Vending, Vending Machine, Automated Retailing, Coin-Op, Office Coffee Service, Foodservice, National Automatic Merchandising Association, NAMA, Spring Expo, Richard Geerdes, Dan Mathews, Jackie Clark, Automated Merchandising Systems, Crane Mervhandising Systems, Dixie-Narco, Fastcorp, Jofemar, Kraft, U-Select-It
LAS VEGAS -- The National Automatic Merchandising Association's final Spring Expo, held here at the Mandalay Bay Convention Center on April 16-17, was hailed by show organizers, operators and suppliers alike as one of the strongest in years, in terms of attendance, innovation and positive "buzz" on the show floor. The Spring Expo dates back to 1959, when NAMA held its first Western convention and trade show in conjunction with the California Automatic Vendors Council.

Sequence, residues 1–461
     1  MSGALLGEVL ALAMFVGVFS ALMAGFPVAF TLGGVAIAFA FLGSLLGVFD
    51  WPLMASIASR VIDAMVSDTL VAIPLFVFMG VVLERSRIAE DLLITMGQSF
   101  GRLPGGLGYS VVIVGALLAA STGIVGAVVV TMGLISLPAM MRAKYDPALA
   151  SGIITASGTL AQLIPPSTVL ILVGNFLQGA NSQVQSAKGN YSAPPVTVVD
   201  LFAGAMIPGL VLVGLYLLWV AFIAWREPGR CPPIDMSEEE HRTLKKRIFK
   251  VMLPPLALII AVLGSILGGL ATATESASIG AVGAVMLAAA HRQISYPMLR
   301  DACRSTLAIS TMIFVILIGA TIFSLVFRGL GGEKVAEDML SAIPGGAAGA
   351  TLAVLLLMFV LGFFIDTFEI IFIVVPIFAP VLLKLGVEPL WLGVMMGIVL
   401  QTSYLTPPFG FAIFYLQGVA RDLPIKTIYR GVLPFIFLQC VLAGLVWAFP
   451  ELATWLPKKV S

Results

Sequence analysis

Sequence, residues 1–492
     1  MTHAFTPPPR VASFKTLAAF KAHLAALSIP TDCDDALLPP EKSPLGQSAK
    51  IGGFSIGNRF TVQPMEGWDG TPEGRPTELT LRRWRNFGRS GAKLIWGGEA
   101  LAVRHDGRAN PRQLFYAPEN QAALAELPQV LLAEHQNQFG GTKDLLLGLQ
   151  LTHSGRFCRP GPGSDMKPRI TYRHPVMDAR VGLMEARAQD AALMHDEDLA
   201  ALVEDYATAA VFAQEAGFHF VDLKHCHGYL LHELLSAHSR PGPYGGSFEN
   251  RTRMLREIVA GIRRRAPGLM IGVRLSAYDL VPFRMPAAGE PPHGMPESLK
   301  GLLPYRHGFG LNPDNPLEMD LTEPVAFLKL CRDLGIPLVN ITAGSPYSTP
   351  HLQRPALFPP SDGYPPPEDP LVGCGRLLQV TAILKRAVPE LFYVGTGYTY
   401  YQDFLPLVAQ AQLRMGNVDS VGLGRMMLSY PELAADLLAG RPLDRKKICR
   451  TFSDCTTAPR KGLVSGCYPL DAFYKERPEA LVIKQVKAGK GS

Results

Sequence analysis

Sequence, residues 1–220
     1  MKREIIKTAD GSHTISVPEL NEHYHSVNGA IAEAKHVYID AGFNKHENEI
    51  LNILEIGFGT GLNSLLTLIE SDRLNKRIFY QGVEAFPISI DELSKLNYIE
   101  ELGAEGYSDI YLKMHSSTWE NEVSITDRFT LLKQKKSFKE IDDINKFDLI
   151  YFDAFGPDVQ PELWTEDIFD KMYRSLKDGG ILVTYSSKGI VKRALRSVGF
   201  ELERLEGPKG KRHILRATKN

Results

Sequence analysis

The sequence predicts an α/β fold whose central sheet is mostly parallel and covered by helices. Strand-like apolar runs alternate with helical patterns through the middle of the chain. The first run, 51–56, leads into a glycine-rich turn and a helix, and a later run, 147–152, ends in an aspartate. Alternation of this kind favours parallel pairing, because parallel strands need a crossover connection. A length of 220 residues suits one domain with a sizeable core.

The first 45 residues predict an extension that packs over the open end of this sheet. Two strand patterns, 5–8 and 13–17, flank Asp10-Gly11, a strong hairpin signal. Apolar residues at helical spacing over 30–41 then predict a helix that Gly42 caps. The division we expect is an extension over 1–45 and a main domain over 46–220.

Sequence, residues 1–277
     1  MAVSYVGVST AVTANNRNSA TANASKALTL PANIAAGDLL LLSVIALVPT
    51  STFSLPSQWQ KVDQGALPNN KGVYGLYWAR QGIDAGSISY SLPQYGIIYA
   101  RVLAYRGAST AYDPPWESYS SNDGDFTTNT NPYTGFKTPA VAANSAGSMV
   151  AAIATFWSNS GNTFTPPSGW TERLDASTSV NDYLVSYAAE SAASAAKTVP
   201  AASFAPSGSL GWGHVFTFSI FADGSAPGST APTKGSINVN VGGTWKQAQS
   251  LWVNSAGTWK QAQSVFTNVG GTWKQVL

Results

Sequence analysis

NAMA plans to combine the traditional Spring and National Expos into a single event, tentatively called OneShow, in 2010. The inaugural unified convention and exposition is set for April 28-30 at Chicago's McCormick Place. Plans call for returning to Chicago in 2011, and alternating between Chicago (and perhaps other eastern and Midwestern cities) and Las Vegas thereafter.
"The NAMA Spring Expo was a remarkable success, particularly given the current economy and general business environment," said NAMA executive vice-president and COO Dan Mathews, who reported that exhibitors and showgoers similarly had told him that the show exceeded their expectations.
"But this is just the beginning," Mathews emphasized, "because we're already hard at work on the National Expo to make sure it builds on the success of this show, and delivers even more tools and resources to help our industry grow and prosper." The 2009 National Expo will be held at Chicago's Navy Pier from September 23 to 25.